Match Review England versus Australia, 5th Ashes Test, The Oval, London, August 21st to 25th
After 4 days of slow cricket and terrible weather England had victory snatched from them by that peculiar enemy of cricket ‘Bad Light’. This series has been far from the classic contests of old yet has been almost as one-sided as those bad old days when Australia used to turn up here and routinely thrash us. Not that you’d know it’d been a comfortable series for the hosts if you believed the Aussie-loving media about how everything could have been so different if umpiring and weather had not betrayed the ever improving Aussies – but that’s another story for another day.
Before play started England surprised us all by not selecting Chris Tremlett ahead of the injured Tim Bresnan, but dropping the unfortunate Johnny Bairstow and brining in uncapped Chris Woakes (bowling all-rounder) and Simon Kerrigan (spin bowler). It’s nice when you can play a couple of youngsters in when the series is dead – but this is the most criticized Ashes winning team in history and people were bafflingly unhappy that we didn’t have ‘our foot on the throat’. I don’t buy that at all and while the team was desperate to win 4-0, why not try and include a couple of younger players when the series is over as a contest.
A typical Oval pitch (flat as a road) meant that the toss became crucial and Australia elected to bat first. I tweeted at the time that the game was no longer in England’s hands and that victory was almost gone before a ball was bowled. Whatever the quality of the bowling attack, on a pitch offering nothing at all for the bowlers meant that the team batting first should be looking to score 450-550 runs in quick time. Well that’s exactly what Australia did. England started well with Anderson back to something near his early series best and even with Shane Watson motoring towards an impressive century, England were still in the game when Shane Watson was dropped by Cook on 104 – he and Smith went to put on another 100 before Australia declared late on day 2 at 492 for 9. England batted through without many problems which lead us to a very slow day 3.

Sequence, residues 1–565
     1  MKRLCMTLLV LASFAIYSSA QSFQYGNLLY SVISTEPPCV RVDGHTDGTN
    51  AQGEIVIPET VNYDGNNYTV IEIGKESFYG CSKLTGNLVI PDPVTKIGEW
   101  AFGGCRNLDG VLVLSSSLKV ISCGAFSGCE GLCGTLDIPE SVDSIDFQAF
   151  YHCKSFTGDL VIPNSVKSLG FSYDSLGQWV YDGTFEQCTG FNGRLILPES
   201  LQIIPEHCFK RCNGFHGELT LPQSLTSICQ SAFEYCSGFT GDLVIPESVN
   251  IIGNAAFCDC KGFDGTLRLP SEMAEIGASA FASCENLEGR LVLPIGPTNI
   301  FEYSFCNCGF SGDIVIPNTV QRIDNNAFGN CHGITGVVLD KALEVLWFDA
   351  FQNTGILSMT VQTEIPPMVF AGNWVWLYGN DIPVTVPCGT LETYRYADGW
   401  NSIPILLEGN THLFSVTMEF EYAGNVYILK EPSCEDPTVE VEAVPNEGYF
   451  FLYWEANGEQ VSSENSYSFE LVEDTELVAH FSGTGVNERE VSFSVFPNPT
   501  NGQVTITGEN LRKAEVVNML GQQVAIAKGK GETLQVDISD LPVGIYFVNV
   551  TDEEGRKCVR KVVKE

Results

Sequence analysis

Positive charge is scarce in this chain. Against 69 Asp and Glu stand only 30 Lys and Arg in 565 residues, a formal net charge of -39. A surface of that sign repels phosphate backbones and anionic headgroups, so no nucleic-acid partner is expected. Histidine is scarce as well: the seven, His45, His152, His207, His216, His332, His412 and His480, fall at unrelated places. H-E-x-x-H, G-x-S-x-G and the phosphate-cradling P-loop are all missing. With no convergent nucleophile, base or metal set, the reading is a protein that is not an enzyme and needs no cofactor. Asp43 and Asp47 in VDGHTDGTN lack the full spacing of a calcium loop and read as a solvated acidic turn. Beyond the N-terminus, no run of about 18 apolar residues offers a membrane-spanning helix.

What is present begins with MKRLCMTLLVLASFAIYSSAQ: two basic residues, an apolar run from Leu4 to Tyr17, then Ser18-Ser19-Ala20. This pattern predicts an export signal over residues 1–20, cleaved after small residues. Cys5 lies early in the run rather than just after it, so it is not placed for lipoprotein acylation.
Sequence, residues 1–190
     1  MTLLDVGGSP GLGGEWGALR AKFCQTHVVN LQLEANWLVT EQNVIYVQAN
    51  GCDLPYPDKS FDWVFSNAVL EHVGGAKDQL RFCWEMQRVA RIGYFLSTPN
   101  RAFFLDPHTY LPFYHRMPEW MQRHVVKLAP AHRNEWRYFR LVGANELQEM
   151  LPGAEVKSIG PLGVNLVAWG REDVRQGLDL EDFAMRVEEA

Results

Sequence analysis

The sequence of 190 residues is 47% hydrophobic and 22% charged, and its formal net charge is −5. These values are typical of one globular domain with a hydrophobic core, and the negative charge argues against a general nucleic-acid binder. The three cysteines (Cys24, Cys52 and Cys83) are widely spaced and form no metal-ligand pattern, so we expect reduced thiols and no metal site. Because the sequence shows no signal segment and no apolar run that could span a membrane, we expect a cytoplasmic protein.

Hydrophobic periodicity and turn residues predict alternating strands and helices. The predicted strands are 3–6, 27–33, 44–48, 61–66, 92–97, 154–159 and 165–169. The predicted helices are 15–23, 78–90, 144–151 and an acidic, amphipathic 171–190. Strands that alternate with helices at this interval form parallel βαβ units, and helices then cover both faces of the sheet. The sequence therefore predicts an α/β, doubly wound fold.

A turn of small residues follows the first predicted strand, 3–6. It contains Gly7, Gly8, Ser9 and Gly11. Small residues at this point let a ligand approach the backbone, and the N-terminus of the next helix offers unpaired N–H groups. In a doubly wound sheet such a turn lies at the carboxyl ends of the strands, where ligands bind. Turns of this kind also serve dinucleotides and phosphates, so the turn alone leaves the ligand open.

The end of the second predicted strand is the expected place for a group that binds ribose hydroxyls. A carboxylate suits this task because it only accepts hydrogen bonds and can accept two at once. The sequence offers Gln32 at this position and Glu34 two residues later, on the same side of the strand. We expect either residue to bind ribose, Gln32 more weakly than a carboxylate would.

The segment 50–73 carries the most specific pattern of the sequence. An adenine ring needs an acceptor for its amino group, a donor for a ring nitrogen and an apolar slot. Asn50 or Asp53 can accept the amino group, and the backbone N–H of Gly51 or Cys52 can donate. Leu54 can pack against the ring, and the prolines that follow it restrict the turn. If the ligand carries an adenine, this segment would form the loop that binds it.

Day 3 saw England trying to save the game. So many runs behind, England realistically had no chance of winning the game at this point so set about not to lose it. It was a slow days cricket and every England batsmen got some kind of start before going on to get out. KP made his slowest Ashes 50 and England ended the day pretty secure with their position in the test. Some of the public and national media outcry against England this day was pretty sickening, but more on that later.
Day 4 was a total wash out – not a ball bowled, effectively securing the test as a draw.
Day 5 saw England smash the ball about it, motoring past the follow on target and be bowled out for a respectable 377 – still 115 runs behind Australia but with only 2/3rds of a day left to play. Michael Clarke, having not won a Test match since January and desperately seeking something from the series, decided to make a game of it. Australia juggled their batting order and blasted their way to 111 for 6 declared – though they scored at just 4.8 runs an over – which is testament to England’s excellent bowling when they most likely wanted to go between 6 and 7 to give themselves more time to bowl England out. I don’t think Clarke believed England would get anywhere near the runs required. He believed the media hype about the dour negative England that he was supposedly facing and in setting England 227 to win – defeat never really crossed his mind.